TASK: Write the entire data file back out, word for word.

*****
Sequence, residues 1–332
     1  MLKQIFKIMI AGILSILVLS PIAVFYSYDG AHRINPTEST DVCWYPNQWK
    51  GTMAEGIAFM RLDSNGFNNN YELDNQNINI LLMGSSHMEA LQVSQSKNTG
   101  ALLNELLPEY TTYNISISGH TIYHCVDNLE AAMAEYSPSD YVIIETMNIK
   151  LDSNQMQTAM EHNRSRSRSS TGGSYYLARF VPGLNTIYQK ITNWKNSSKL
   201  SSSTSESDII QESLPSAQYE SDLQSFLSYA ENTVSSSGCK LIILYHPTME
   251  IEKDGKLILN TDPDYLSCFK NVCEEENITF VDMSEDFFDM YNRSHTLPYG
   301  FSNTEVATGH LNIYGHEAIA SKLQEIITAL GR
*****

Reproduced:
Sequence, residues 1–332
     1  MLKQIFKIMI AGILSILVLS PIAVFYSYDG AHRINPTEST DVCWYPNQWK
    51  GTMAEGIAFM RLDSNGFNNN YELDNQNINI LLMGSSHMEA LQVSQSKNTG
   101  ALLNELLPEY TTYNISISGH TIYHCVDNLE AAMAEYSPSD YVIIETMNIK
   151  LDSNQMQTAM EHNRSRSRSS TGGSYYLARF VPGLNTIYQK ITNWKNSSKL
   201  SSSTSESDII QESLPSAQYE SDLQSFLSYA ENTVSSSGCK LIILYHPTME
   251  IEKDGKLILN TDPDYLSCFK NVCEEENITF VDMSEDFFDM YNRSHTLPYG
   301  FSNTEVATGH LNIYGHEAIA SKLQEIITAL GR